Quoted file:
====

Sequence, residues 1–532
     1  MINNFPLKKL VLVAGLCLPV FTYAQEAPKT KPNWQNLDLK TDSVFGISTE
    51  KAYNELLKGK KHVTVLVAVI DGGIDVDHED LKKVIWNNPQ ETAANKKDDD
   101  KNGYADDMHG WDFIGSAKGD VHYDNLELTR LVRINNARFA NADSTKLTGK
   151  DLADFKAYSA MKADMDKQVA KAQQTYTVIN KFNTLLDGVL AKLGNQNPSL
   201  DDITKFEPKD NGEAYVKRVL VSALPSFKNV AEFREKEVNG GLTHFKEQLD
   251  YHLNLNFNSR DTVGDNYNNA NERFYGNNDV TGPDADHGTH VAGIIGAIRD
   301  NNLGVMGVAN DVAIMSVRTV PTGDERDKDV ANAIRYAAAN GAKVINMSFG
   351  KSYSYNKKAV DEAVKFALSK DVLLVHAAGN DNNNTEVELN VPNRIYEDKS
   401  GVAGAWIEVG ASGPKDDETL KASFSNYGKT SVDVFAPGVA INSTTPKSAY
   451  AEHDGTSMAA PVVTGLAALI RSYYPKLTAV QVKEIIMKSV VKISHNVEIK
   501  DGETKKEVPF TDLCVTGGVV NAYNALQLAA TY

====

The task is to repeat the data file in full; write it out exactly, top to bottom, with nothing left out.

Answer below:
Sequence, residues 1–532
     1  MINNFPLKKL VLVAGLCLPV FTYAQEAPKT KPNWQNLDLK TDSVFGISTE
    51  KAYNELLKGK KHVTVLVAVI DGGIDVDHED LKKVIWNNPQ ETAANKKDDD
   101  KNGYADDMHG WDFIGSAKGD VHYDNLELTR LVRINNARFA NADSTKLTGK
   151  DLADFKAYSA MKADMDKQVA KAQQTYTVIN KFNTLLDGVL AKLGNQNPSL
   201  DDITKFEPKD NGEAYVKRVL VSALPSFKNV AEFREKEVNG GLTHFKEQLD
   251  YHLNLNFNSR DTVGDNYNNA NERFYGNNDV TGPDADHGTH VAGIIGAIRD
   301  NNLGVMGVAN DVAIMSVRTV PTGDERDKDV ANAIRYAAAN GAKVINMSFG
   351  KSYSYNKKAV DEAVKFALSK DVLLVHAAGN DNNNTEVELN VPNRIYEDKS
   401  GVAGAWIEVG ASGPKDDETL KASFSNYGKT SVDVFAPGVA INSTTPKSAY
   451  AEHDGTSMAA PVVTGLAALI RSYYPKLTAV QVKEIIMKSV VKISHNVEIK
   501  DGETKKEVPF TDLCVTGGVV NAYNALQLAA TY